Tony Bennett's Wife Reveals the First Sign He Had Alzheimer's
The singer and his family just shared that he's been battling the disease for years.
On Feb. 1, Tony Bennett and his family shared, for the first time, that the 94-year-old singer has been living with Alzheimer's disease. Bennett was diagnosed in 2016, though the choice was made to keep his condition private until now. In a handful of new interviews, his wife, Susan Benedetto, 50, gave fans some insight into Bennett's status, revealing the first signs they had of his cognitive issues as well as the activity that's helped slow the progression of the disease. Read on for details, and for more early detection information, How Well You Do This One Thing Predicts Your Alzheimer's Risk, Study Says.
Tony Bennett's wife explained when they first suspected that he might have Alzheimer's.
Speaking with CBS This Morning, Benedetto remembered the first inkling that Bennett might be showing symptoms of Alzheimer's disease.
"We came home one night after the show and he says, 'Susan, I can't remember the musicians' names,'" Benedetto told Gayle King. She also said that her husband knew then that he was experiencing something more serious than the forgetfulness that can sometimes come with age. "I just chalked it up to him being, at the time, late 80s, we forget things," she continued. "And he said, 'No, no, this isn't right.'"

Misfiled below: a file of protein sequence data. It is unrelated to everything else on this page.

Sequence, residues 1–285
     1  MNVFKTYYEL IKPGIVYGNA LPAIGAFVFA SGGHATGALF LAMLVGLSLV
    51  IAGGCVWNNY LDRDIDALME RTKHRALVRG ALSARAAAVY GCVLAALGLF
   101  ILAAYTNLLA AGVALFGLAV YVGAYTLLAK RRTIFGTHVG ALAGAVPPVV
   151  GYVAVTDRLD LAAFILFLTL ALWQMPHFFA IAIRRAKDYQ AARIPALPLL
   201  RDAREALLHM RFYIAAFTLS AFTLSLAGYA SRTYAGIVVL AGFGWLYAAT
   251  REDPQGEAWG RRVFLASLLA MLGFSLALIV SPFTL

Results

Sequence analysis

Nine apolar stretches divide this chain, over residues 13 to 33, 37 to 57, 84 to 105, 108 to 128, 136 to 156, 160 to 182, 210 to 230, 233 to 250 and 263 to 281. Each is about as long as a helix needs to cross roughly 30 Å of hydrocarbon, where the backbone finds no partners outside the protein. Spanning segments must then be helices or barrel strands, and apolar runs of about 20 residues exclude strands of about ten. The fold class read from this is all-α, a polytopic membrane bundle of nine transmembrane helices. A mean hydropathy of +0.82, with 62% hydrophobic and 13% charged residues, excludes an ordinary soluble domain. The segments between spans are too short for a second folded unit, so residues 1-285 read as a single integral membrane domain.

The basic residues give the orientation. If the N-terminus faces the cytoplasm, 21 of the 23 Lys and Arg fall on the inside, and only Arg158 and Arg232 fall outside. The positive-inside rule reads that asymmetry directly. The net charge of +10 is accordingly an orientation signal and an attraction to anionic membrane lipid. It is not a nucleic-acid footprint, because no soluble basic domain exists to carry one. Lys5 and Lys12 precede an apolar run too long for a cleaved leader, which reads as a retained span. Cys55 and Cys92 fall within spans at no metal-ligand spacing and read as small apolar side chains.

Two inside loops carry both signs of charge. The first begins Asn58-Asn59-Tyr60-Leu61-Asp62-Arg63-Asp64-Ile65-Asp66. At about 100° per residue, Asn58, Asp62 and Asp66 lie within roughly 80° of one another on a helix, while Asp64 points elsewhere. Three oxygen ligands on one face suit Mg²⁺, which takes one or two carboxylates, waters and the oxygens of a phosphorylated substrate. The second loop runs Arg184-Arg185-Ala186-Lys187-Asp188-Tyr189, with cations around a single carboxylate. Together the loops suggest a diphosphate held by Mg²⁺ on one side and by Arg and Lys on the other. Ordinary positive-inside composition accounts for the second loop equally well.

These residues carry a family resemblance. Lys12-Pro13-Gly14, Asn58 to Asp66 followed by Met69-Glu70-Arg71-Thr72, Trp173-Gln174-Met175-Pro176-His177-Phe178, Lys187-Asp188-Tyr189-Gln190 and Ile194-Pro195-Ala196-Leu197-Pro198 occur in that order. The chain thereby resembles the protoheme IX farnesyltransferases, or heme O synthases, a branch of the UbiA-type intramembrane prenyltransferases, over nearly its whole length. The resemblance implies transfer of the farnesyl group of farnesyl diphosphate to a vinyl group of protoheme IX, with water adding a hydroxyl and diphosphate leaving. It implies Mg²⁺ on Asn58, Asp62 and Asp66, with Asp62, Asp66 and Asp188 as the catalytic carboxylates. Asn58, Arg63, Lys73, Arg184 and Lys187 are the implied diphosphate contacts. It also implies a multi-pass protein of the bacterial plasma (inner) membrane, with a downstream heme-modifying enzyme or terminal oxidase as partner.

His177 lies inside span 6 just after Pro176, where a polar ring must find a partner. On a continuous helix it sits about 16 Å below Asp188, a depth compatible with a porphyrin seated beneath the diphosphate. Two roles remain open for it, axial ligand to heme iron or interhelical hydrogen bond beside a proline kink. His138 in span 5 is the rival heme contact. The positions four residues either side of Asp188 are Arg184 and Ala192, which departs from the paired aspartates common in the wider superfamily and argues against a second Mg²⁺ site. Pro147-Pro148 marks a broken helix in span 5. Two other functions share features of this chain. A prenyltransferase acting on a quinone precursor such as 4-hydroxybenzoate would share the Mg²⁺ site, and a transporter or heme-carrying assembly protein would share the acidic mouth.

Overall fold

The singer was officially diagnosed with Alzheimer's over four years ago. And he's just now going public with his struggles with the progressive disease for the first time.
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She also shared why Bennett wanted to keep his diagnosis private.
"He always likes to say he's in the business of making people feel good," Benedetto told King. "And so he never wanted the audience to know if he had a problem. But obviously, as things have progressed, it becomes more and more obvious when you interact with Tony that there's something up. And so it just seemed that now was the right time."
The news first broke in a new, in-depth profile of Bennett in AARP the Magazine, which chronicles his past few years in detail, as he and his caregivers and family have navigated his condition. And for more symptoms to look out for yourself, these are the Early Signs of Alzheimer's Everyone Over 40 Should Know.
Bennett's Alzheimer's case has been relatively mild.
Bennett fortunately has not experienced the entire breadth of Alzheimer's symptoms. Benedetto told AARP that he still recognizes his family members, though he can have trouble identifying everyday objects or places.
As of now, Bennett's case remains on the milder side. "He is doing so many things, at 94, that many people without dementia cannot do," Bennett's neurologist Gayatri Devi, MD, told AARP. "He really is the symbol of hope for someone with a cognitive disorder."